What do bitwise operations mean for colors?

Raymond Chen

Someday, you’re going to pass a raster operation to the BitBlt function that entails bit manipulation. Something like SRCAND perhaps, or possibly the dreaded SRCINVERT. These bitwise operations make perfect sense for monochrome bitmaps, since those are one bit per pixel anyway. But what does it mean for color bitmaps? What do you get when you “and” together forest green (#228B22) and hot pink (#FF69B4)? The bitwise operations are performed in the pixel space of the destination. If the destination is a non-palettized bitmap format (higher than 8bpp), then the pixel values are red, blue and green components packed together (in various ways depending on the format). Those values are “and”ed together as integers to produce the result. For example, in a 565-format bitmap, the color forest green is represented as the value 0x2464 (0y00100`100011`00100) and hot pink is 0xFB56 (0y11111`011010`10110). The bitwise “and” of these two values is 0x2044, which is a very dark purple. With palettized bitmaps, the results are much less predictable since the values in the bitmap are not colors but color indices. For example, if a pixel has the value 6, that means that the color of the pixel is determined by the entry in slot 6 of the bitmap’s color table, and that color could be anything. There is no rule that even requires that color 0 be black and that the highest available color be white, though most bitmaps adhere to this by convention. On an 8bpp bitmap, then, the question of what you get when you “and” together forest green and hot pink is underdetermined. If the color table for example happened to put forest green in slot 6 and hot pink in slot 18, the result of the “and” operation would be 6 & 18 = 2, and the result pixel would therefore be whatever color was in slot 2 of the bitmap’s color table. What does this mean for you, adventuresome blitter?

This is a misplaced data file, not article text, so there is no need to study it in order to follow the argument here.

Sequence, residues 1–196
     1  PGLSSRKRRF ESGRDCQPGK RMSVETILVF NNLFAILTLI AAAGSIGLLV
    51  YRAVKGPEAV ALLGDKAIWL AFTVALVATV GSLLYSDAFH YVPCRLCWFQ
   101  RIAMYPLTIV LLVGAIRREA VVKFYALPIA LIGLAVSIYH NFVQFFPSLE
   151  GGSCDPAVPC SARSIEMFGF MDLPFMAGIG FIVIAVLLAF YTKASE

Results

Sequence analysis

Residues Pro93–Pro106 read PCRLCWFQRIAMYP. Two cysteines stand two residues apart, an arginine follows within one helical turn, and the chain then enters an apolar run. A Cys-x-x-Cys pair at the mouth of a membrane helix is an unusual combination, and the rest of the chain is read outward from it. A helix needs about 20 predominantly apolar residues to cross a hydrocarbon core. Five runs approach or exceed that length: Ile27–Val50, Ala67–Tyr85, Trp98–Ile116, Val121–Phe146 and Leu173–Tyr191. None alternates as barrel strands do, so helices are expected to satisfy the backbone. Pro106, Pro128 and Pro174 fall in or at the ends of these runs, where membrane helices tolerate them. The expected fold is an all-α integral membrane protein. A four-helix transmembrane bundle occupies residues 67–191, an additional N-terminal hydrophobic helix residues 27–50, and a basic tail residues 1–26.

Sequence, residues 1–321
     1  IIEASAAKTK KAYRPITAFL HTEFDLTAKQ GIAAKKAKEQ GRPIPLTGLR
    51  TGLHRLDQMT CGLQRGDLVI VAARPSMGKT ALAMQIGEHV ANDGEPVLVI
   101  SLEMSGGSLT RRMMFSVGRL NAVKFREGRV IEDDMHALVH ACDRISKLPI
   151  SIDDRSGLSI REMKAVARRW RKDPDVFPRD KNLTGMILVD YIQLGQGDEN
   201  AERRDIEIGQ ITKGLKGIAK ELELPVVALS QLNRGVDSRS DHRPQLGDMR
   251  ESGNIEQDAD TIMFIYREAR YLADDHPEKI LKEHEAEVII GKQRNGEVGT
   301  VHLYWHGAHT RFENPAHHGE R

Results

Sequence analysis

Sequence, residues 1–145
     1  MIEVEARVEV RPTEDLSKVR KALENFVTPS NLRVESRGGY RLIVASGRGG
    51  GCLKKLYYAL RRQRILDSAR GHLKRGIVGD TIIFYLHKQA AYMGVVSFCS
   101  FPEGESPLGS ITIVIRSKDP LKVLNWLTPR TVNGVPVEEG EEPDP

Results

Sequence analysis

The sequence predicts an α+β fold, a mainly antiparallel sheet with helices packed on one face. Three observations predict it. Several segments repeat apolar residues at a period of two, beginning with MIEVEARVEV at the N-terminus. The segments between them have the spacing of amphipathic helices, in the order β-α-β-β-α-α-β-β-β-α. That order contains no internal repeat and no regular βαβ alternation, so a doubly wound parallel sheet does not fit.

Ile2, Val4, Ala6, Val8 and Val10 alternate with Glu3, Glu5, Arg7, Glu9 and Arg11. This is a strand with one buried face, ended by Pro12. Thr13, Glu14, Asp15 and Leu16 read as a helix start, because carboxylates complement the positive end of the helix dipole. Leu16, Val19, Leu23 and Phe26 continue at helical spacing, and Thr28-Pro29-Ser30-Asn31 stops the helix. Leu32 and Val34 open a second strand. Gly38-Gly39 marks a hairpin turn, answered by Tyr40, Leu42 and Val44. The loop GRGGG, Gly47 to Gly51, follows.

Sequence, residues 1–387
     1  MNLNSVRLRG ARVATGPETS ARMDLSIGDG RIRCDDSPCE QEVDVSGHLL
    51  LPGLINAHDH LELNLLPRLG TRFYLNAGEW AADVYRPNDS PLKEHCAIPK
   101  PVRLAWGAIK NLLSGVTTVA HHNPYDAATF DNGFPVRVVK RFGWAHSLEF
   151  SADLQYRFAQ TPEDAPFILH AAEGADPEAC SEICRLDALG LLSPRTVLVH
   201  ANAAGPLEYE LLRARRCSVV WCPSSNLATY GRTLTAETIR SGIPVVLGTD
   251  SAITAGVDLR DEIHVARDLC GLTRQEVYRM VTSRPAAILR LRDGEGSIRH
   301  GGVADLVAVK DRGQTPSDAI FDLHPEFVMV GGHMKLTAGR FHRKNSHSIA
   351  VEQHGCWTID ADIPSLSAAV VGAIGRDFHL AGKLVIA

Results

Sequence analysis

If you’re going to use raster operations that involve bitwise operations, one of the pixels involved in the operation should be black or white (zero or all-bits-set) in order to obtain predictable results. You can then use identities like “x and black = black” and “x xor black = x” to predict the result, assuming the bitmap follows the convention for black and white noted above. But if you’re going to be xor’ing with forest green, then the results could be anything.


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